‘Beating the Bounds’

Copy of Memorandum made by Anthony BEELEY of Stoney Middleton
when the Inhabitants of Eyam rode a part of their Boundary,
May 20th 1767.

Transcribed by Janet Kirk, © Copyright 2004
from the original copy held in the Derbyshire Record Office. DRO Ref: D5430/24

May 20th 1767 “They began at the Stoke Land and followed the fence that parts the Liberties of Eyam and Stoke down to Middleton Church and there prayed over against Cornelius Chapmans house door. Then they proceeded up the Dale under Middleton Bridge [1] and up the Corn Mill Dam,[2] and forward to an Intake that William Brightmore took in for a watering place for his cattle, and at a heap of stones prayed there, then proceeded to the upper end of the Upper Holding Dam and prayed there, then proceeded forward to a rush-bed and stone heap near to the foot-road leading to Wardlow and prayed there; then went over the new wall and down Castle gate[3] to Warmsdale Mouth[4] and prayed there; then down the double ditch to Wardlow Mires and prayed there; then up by the wall to Silladale[5] and prayed there; then up to James Needham pasture to the Lane leading to Foolow and left off till another opportunity.”

“Anthony Beeley was present at the above Boundary riding”

Notes
[1] An old drawing in the possession of an elderly Stoney Middleton resident shows a man-made bridge running roughly from “The Nursery” on High Street across to what was at that time still a Mill, and later the Boot & Shoe factory. It had two arches - one over what is now the main road, and the other over the water to the Mill. So, Anthony Beeley and company were walking from the Church, along the Nook and onto what is now the main road to continue up the Dale. Little would they know then that it would also become the modern thoroughfare...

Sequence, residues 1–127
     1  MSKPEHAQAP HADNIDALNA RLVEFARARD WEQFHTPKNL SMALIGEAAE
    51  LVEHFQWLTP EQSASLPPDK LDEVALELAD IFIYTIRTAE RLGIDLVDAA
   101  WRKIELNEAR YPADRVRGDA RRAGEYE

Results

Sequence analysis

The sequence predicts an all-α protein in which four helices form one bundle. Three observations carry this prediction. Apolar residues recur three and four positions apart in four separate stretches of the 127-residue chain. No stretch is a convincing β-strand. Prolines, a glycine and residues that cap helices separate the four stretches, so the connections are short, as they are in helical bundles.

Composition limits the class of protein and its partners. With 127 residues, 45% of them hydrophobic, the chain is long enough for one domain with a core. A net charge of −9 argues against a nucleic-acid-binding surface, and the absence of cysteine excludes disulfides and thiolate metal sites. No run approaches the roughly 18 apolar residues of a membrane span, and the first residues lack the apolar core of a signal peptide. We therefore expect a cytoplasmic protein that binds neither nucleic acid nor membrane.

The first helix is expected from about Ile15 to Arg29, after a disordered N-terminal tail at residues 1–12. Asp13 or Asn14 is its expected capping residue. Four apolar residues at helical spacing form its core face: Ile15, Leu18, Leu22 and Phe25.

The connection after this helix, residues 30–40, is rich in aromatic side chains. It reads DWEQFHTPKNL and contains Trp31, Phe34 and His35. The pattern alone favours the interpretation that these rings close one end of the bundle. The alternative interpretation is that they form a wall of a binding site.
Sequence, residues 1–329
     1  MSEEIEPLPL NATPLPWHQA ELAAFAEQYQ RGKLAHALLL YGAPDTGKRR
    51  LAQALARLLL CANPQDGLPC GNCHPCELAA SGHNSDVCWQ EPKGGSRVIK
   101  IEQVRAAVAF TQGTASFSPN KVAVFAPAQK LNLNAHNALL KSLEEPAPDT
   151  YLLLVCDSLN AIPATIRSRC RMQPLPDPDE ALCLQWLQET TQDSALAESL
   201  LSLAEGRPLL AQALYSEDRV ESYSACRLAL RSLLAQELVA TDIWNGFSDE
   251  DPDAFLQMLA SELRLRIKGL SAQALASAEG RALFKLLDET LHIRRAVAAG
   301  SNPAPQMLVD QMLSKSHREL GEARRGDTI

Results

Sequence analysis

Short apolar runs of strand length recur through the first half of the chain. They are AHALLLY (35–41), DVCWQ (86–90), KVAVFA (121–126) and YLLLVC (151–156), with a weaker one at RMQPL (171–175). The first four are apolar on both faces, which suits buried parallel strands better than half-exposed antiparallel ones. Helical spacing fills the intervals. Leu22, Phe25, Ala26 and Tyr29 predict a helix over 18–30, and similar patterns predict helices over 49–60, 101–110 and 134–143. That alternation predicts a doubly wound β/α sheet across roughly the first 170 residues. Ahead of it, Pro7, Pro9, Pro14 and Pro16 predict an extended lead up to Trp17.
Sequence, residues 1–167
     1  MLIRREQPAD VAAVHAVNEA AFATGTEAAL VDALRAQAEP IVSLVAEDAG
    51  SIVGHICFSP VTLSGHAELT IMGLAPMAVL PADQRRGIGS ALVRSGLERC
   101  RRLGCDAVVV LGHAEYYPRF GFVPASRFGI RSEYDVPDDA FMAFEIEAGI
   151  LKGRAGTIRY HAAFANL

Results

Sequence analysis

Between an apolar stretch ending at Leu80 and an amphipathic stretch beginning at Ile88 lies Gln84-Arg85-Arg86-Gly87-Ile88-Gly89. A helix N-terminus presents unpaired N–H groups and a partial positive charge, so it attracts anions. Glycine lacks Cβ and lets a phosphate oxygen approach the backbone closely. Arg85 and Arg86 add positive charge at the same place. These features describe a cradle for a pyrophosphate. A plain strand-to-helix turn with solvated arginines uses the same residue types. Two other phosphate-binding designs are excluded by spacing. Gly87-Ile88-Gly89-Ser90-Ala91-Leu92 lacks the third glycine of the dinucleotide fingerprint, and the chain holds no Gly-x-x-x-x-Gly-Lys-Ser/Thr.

[2] Stoney Middleton brook is now culverted, but a Sketch of the Mill Dam (elsewhere online) illustrates a time when it was dammed. This Plan of 1840 shows its position.
[3] ‘Castle gate’ was part of the old trackway known as ‘Portway’, and believed to refer to the stretch through Wardlow to Monsal Head and beyond to Ashford. [Ref: Dodd, A.E & E.M - Peakland Roads and Trackways]. This same reference suggests it was a Castle at Ashford that gave it the name.
[4] We don't know what area ‘Warmsdale Mouth’ refers to, other than being an apparent reference to where the preset B6465 meets the A623. ‘Wardlow Mires’ is still in current use.
[5] Possibly now 'Silly Dale'?

Transcribed by Janet Kirk on 12 Nov 2004.

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